Ticketmaster Cancels Sale of Taylor Swift Tickets After Snags

Ticketmaster has canceled its planned public sale of tickets to Taylor Swift’s latest tour after a whirlwind few days that demonstrated not only Swift’s extraordinary fan following but the limitations of music’s dominant ticketing system.

“Due to extraordinarily high demands on ticketing systems and insufficient remaining ticket inventory to meet that demand,” Ticketmaster announced on Thursday, “tomorrow’s public on-sale for Taylor Swift | The Eras Tour has been cancelled.”

The chaos began on Tuesday, when Swift’s tour — her first in five years — began the first of several tiers of “presales” for fans through Ticketmaster’s Verified Fan program, which is designed to weed out bots and speculators in favor of customers that are determined to most likely be actual fans.

Millions of fans were locked out. In a blog post published by Ticketmaster on Thursday, the company said that 3.5 million people registered for the Verified Fan program, and “around 1.5 million” of them were given the opportunity to buy a ticket to the tour, which is scheduled for 52 dates in North America starting in March.

Ticketmaster received 3.5 billion system requests that day, four times its previous peak. Two million tickets were sold on Tuesday alone.

“Never before has a Verified Fan on sale sparked so much attention — or uninvited volume,” the company said.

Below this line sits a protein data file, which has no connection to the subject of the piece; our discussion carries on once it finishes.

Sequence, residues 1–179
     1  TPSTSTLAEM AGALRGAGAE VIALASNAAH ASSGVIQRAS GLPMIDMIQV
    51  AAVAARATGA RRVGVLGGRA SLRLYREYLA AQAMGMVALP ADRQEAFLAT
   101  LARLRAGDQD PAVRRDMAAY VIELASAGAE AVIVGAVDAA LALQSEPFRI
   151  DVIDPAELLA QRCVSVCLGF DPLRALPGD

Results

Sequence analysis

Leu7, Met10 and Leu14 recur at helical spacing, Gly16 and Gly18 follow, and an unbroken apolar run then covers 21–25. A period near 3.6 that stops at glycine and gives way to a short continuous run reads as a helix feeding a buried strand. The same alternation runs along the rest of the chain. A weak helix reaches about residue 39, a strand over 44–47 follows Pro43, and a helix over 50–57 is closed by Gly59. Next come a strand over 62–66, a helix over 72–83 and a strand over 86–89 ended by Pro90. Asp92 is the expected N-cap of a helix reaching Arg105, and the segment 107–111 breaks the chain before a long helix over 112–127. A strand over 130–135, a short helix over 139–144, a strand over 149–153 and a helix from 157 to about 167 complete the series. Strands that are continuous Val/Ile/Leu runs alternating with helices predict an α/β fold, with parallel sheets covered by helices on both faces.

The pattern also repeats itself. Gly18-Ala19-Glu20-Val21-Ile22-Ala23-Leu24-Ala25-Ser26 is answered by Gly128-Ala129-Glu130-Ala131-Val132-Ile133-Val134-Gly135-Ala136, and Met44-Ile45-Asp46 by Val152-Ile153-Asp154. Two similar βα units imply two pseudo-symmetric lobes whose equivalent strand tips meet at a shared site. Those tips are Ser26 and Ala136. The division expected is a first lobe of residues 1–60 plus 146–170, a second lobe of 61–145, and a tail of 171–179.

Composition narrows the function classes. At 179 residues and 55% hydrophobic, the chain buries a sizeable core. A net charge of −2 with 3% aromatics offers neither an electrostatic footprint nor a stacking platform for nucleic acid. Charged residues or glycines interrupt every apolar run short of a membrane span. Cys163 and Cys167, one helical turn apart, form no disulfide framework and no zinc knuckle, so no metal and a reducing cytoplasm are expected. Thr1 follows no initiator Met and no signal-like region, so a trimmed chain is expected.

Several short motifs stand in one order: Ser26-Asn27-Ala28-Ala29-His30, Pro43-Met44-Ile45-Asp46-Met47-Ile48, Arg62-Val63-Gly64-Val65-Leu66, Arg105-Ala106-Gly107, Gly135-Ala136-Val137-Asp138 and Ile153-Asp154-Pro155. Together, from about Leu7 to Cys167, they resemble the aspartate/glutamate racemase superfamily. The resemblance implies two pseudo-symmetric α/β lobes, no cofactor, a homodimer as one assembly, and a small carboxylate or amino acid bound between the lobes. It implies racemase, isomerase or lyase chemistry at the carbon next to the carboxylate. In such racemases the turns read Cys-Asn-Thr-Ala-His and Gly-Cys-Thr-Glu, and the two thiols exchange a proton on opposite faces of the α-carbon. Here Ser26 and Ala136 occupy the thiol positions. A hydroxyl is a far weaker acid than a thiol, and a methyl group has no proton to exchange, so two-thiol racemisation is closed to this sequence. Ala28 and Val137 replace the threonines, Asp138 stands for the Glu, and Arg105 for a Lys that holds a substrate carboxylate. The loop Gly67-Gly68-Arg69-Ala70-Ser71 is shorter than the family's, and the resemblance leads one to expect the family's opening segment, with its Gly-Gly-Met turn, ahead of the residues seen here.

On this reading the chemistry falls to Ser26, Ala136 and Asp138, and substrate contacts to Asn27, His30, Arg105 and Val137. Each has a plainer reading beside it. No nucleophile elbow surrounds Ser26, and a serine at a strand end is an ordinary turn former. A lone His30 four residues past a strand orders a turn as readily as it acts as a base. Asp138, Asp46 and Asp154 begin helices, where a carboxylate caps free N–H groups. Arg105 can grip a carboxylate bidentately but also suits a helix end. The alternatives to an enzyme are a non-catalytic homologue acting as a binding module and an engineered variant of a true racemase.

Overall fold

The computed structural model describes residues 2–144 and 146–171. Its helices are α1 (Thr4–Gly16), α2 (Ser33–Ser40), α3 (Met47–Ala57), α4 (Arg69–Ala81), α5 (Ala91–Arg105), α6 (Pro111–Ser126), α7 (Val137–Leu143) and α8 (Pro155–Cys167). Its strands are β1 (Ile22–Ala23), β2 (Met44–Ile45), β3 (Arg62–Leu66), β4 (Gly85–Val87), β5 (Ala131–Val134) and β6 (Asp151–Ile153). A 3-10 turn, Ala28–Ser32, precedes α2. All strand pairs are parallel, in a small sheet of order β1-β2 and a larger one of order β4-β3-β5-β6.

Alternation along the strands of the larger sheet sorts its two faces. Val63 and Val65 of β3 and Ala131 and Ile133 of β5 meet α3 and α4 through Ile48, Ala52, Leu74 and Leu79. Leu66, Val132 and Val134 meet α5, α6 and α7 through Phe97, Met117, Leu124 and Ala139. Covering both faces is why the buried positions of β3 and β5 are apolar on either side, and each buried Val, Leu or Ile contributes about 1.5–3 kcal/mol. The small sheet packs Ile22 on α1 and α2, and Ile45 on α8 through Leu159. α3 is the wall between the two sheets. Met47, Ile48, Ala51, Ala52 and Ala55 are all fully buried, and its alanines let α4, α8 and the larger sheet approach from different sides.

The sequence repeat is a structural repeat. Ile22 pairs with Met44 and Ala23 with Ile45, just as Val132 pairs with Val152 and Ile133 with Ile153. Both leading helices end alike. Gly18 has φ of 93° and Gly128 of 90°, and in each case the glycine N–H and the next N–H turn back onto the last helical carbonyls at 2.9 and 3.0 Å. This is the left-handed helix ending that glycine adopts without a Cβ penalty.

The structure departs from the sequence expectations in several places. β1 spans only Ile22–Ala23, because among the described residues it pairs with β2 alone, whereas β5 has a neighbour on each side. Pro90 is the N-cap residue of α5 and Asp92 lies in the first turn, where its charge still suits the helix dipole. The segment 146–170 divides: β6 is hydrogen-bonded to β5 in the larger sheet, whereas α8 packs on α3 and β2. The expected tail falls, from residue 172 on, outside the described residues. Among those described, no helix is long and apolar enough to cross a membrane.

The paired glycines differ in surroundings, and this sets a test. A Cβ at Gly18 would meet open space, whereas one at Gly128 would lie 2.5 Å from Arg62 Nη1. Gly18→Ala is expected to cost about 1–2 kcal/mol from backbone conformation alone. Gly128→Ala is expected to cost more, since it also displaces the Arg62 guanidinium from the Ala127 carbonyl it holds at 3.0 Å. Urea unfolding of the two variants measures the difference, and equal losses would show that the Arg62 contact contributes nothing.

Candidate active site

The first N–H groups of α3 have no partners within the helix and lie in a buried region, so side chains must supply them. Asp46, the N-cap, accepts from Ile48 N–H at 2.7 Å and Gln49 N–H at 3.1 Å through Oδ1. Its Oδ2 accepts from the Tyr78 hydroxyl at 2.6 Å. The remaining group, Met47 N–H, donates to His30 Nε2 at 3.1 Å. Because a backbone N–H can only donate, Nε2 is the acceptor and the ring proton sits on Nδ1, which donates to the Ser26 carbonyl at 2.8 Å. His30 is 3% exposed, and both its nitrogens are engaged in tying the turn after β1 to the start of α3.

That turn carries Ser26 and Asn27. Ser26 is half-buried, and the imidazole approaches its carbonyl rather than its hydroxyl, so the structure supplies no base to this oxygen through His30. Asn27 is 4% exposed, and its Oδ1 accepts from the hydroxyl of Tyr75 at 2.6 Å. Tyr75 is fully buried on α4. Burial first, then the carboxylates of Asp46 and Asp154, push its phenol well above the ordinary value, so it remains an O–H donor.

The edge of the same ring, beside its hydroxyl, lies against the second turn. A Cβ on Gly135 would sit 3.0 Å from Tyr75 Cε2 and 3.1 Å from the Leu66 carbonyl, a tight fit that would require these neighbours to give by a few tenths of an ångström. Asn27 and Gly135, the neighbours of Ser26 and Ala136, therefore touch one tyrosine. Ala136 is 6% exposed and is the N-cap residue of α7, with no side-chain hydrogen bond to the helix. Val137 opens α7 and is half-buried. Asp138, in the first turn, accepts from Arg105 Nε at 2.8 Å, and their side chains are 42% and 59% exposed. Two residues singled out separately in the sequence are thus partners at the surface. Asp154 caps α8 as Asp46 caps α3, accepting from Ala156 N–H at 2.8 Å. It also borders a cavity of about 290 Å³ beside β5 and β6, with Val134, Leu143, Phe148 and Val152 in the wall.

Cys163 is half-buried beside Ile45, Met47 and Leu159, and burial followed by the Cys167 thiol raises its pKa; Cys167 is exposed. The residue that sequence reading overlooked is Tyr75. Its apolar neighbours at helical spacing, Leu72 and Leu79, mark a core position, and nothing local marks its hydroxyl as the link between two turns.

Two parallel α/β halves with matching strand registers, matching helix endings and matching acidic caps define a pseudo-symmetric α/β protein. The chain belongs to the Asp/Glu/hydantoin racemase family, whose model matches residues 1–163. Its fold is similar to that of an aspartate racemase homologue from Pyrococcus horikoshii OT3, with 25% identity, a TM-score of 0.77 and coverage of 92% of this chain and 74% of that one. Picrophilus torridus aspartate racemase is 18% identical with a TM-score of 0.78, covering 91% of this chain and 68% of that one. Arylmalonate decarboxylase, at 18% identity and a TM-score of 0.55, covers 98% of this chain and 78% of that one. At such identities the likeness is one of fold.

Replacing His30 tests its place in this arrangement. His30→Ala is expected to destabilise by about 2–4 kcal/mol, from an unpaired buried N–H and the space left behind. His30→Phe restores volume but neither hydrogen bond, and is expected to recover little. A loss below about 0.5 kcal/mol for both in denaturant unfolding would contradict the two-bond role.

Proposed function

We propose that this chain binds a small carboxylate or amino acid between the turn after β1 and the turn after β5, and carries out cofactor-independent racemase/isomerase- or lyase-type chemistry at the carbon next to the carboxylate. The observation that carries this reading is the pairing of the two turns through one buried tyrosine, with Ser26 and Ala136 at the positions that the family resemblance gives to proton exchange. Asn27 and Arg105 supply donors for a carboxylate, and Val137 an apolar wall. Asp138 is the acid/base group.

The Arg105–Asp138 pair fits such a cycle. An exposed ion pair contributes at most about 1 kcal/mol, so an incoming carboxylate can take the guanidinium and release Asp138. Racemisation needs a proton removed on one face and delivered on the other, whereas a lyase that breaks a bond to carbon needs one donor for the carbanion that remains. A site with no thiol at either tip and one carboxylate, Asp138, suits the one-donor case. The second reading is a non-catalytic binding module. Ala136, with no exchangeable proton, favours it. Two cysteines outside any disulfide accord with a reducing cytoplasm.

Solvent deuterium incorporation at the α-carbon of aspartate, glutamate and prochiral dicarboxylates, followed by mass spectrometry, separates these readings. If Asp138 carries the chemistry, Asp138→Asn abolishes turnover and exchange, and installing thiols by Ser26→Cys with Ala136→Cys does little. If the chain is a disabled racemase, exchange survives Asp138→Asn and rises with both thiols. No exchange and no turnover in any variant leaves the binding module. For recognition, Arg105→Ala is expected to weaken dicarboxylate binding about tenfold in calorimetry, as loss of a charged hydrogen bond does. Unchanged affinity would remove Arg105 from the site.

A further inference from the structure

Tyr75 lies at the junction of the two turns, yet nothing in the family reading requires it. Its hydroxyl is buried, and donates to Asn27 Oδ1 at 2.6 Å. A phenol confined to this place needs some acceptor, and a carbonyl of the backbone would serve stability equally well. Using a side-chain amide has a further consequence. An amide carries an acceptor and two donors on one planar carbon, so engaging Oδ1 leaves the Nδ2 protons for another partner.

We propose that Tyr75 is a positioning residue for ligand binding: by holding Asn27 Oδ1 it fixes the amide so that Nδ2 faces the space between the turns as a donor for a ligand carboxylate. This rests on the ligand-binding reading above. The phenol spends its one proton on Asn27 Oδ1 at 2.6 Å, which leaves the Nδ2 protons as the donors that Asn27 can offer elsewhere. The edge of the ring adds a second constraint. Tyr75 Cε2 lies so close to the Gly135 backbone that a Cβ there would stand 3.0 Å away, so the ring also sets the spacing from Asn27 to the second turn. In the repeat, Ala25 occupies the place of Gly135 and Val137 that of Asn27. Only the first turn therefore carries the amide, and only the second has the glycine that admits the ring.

The public sale, planned for Friday, was for any tickets left after the tour’s presales earlier in the week. Ticketmaster gave no indication of whether any more ticket inventory was left to sell. A representative of Swift did not respond to a request for comment.

This news only further frustrated Ms. Swift’s fans, known as Swifties, who had complained of technical difficulties and hourslong wait times during the Verified Fan presale. That program required fans to preregister with Ticketmaster, selecting their preferred tour date and location and providing personal information including cellphone numbers.

Swift, one of the most renowned songwriters and hitmakers of her generation, has also been a meticulous manager of her brand and an unparalleled marketer on a mass scale. During a recent period of productivity, which has included five album releases in just over two years, she has expanded her merchandise operation to include everything from picture frames and sticky notes to cassette tapes and vinyl LPs in various limited-edition colors.

The finger-pointing started quickly.

Speaking on the CNBC program “Squawk on the Street” earlier on Thursday, Greg Maffei, the chairman of Live Nation, Ticketmaster’s parent company, cited Swift’s extreme popularity as part of the issue.

“It’s a function of Taylor Swift. The site was supposed to open up for 1.5 million verified Taylor Swift fans. We had 14 million people hit the site, including bots, which are not supposed to be there,” Maffei said.

The ticketing drama this week reignited calls from some lawmakers, who questioned whether the 2010 merger of two powerful events companies — Ticketmaster and Live Nation, which dominates the touring industry as a promoter and venue owner — created a monopoly that harms customers.

The merger, “should never have been approved,” Representative Alexandria Ocasio-Cortez, Democrat from New York, tweeted on Tuesday. “Break them up.”

Representative David N. Cicilline, a Democrat of Rhode Island, added: “It’s no secret that Live Nation-Ticketmaster is an unchecked monopoly.”

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